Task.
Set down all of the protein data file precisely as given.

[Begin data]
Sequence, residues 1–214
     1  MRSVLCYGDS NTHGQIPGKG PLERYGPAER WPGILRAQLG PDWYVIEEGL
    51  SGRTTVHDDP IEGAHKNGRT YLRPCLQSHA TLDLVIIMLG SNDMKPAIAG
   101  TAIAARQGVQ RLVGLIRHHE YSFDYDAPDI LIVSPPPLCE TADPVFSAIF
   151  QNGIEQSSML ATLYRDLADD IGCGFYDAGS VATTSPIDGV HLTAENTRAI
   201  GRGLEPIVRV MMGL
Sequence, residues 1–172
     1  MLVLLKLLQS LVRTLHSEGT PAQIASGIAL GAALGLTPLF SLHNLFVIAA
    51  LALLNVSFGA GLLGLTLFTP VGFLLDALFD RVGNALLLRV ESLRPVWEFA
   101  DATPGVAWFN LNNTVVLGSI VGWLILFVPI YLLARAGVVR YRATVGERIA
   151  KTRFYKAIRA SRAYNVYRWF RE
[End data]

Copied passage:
Sequence, residues 1–214
     1  MRSVLCYGDS NTHGQIPGKG PLERYGPAER WPGILRAQLG PDWYVIEEGL
    51  SGRTTVHDDP IEGAHKNGRT YLRPCLQSHA TLDLVIIMLG SNDMKPAIAG
   101  TAIAARQGVQ RLVGLIRHHE YSFDYDAPDI LIVSPPPLCE TADPVFSAIF
   151  QNGIEQSSML ATLYRDLADD IGCGFYDAGS VATTSPIDGV HLTAENTRAI
   201  GRGLEPIVRV MMGL
Sequence, residues 1–172
     1  MLVLLKLLQS LVRTLHSEGT PAQIASGIAL GAALGLTPLF SLHNLFVIAA
    51  LALLNVSFGA GLLGLTLFTP VGFLLDALFD RVGNALLLRV ESLRPVWEFA
   101  DATPGVAWFN LNNTVVLGSI VGWLILFVPI YLLARAGVVR YRATVGERIA
   151  KTRFYKAIRA SRAYNVYRWF RE